There is a critical point here that deserves restating.  Our strongly held view is that implementation of the Code is not a box to be checked off. Instead, implementation of the Code represents a national, ongoing commitment to achieving effective health workforce policy and planning in order to support improved population health.

The core aims of the Code are to improve domestic health workforce policy and planning, support a sustainable approach to health worker recruitment, and to assert equal rights for migrant health workers and improving health workforce metrics and monitoring. These aims represent fundamental building blocks to an overall multi-stakeholder approach to effective, responsive national health workforce policy and planning. Accordingly, we call upon all countries, the UN family, Global Health Initiatives and other agencies, civil society, the media and academia to come together and support of the full implementation this Code.

What now needs to be done to take forward implementation of the Code, and support continued momentum towards these key objectives?

Part of the answer lies with the bold leaders and champion countries who have pursued innovative solutions and are committed to more than just “checking the box” on the Code. We have to look to the lessons of countries like Norway and Ghana, who last year won the Health Worker Migration Global Policy Council Innovation Award for innovative exchange programs, progressive and ethical policies. Countries like the Philippines, where the Code has become the catalyst for national multi stakeholder policy dialogue on health worker mobility, have also proven exemplary.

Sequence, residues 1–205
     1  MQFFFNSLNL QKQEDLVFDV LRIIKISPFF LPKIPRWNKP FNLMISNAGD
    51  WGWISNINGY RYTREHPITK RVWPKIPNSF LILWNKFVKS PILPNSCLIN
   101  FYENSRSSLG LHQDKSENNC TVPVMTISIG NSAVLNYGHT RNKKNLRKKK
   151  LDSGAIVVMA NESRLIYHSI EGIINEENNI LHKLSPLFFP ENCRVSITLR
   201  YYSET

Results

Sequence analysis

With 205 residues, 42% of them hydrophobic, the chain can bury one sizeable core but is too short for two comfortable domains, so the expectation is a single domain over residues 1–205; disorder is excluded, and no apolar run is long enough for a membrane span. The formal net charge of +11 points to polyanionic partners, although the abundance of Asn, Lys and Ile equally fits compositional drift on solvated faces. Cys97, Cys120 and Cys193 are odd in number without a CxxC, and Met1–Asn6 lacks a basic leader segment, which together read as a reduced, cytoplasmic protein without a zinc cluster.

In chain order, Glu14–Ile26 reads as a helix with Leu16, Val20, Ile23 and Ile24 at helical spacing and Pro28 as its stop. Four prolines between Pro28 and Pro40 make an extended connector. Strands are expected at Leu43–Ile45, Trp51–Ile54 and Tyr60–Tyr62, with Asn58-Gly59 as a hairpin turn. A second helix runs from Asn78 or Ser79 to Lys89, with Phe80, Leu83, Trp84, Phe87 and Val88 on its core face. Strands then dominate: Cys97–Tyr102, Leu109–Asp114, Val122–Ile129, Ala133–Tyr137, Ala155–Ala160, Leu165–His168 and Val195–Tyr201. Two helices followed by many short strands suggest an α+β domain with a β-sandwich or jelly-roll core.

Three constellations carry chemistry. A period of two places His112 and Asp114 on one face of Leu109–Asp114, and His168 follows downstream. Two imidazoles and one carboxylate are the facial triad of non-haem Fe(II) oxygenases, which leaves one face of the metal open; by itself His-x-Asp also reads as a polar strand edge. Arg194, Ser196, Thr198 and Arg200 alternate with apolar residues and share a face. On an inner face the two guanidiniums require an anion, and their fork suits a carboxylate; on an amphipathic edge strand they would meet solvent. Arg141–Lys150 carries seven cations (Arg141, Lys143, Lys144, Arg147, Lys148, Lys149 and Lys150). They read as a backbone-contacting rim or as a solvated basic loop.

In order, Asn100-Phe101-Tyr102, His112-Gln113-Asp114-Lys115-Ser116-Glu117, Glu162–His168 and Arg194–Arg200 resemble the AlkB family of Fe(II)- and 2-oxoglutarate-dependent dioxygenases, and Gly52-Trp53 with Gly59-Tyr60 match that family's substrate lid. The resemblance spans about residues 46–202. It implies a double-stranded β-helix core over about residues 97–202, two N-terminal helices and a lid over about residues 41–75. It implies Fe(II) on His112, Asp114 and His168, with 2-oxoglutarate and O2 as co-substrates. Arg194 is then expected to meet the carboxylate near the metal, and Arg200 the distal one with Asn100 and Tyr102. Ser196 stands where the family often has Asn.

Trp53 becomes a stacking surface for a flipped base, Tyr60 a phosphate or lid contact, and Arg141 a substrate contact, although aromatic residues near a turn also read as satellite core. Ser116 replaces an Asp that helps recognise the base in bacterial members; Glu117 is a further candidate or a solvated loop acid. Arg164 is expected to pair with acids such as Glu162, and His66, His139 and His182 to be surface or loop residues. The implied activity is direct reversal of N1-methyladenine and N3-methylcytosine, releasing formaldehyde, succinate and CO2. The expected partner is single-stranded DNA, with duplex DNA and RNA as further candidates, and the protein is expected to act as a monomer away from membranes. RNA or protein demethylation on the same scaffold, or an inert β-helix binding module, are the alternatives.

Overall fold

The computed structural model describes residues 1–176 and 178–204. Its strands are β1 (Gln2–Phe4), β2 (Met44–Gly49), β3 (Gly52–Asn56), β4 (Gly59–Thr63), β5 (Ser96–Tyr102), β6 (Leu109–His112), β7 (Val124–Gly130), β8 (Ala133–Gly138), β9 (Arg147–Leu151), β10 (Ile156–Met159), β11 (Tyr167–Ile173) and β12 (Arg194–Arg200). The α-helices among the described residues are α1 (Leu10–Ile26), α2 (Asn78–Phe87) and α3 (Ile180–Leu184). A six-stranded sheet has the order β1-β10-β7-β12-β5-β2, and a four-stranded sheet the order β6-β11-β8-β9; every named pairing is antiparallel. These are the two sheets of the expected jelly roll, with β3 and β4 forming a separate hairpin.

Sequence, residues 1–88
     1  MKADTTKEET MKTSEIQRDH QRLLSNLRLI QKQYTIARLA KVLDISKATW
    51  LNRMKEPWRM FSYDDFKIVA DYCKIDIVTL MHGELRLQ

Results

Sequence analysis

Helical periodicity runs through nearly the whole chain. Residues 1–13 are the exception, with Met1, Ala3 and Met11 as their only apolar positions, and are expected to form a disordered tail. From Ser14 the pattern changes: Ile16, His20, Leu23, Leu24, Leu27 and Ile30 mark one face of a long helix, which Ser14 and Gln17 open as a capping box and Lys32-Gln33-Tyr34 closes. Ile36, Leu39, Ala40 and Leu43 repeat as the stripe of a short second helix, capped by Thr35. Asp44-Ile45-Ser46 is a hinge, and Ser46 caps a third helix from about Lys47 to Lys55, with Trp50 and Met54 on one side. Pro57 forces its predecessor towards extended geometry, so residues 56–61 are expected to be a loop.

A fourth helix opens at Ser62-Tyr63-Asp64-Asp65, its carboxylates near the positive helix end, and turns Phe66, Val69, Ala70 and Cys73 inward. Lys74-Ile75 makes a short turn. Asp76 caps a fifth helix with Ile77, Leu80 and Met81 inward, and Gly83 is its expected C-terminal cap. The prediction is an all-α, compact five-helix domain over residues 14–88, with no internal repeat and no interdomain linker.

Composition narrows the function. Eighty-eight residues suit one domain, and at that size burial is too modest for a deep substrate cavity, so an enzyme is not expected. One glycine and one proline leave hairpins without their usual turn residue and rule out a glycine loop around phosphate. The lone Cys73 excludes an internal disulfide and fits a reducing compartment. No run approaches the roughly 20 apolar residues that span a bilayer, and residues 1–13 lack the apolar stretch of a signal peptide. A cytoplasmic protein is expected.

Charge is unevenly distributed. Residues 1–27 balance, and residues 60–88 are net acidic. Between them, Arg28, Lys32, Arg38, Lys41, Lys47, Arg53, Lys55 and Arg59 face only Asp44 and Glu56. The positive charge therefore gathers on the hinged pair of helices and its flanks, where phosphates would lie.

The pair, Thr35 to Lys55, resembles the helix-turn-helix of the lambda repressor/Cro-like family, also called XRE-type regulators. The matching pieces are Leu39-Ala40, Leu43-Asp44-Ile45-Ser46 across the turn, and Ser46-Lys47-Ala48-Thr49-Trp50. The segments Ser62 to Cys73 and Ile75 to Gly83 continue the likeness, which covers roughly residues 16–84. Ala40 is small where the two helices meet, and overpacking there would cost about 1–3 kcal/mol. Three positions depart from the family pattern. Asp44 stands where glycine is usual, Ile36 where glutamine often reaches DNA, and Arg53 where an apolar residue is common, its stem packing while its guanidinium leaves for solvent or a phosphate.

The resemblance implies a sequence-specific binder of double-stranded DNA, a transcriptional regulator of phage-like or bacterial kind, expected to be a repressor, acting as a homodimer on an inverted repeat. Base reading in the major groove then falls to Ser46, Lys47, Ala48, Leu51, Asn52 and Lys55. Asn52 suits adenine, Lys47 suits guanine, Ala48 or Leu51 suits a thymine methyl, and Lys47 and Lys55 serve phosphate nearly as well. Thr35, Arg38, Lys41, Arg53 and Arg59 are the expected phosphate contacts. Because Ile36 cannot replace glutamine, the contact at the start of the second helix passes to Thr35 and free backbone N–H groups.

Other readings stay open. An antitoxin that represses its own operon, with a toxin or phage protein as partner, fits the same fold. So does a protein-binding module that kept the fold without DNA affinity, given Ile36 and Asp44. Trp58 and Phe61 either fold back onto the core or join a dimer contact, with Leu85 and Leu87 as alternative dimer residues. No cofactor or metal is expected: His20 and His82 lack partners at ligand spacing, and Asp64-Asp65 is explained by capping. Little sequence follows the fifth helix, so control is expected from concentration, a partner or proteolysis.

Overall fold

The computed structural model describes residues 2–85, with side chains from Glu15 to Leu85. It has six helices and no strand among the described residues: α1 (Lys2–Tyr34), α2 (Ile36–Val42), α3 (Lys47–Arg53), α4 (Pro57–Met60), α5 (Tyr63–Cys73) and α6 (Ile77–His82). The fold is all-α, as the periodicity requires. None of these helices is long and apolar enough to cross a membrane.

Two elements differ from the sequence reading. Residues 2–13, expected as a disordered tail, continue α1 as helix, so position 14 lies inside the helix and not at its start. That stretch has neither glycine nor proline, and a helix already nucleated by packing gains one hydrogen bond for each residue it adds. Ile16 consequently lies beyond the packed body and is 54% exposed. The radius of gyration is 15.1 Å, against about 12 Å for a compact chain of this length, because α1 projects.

We need to redouble efforts to promote the Code as both a policy instrument and a symbol of commitment to health workforce sustainability.  It was unfortunate that the WHO reduced their internal capacity to address human resources for health (HRH) just after the Code was approved.  This has weakened the ability at a global level to support advocacy and implementation of its objectives, and has constrained the ability of WHO to facilitate national level policy dialogue. We  need to see strengthened capacity at WHO and at the Global Health Workforce Alliance so that the roles that member states entrusted these institutions in the implementation of this code are fully achieved.

We also need to look at the evidence gathering and reporting format for monitoring the Code, to ensure that it is aligned with broader, deeper national health workforce objectives, and supports an implementation that adds policy value, rather than adding an additional data gathering burden.  All countries therefore need to develop effective national health workforce information systems that are integrated with and aligned to national developments plans.


The successful implementation of the Code matters most, but the reporting on such implementation is also critical. The Code is a touchstone, a symbol of commitment towards national and international progress in health workforce sustainability. If the Code is not well implemented, we run a greater risk that these critical objectives are also not being achieved and that the promise of the right to health by all people will remain just that: an unfulfilled promise.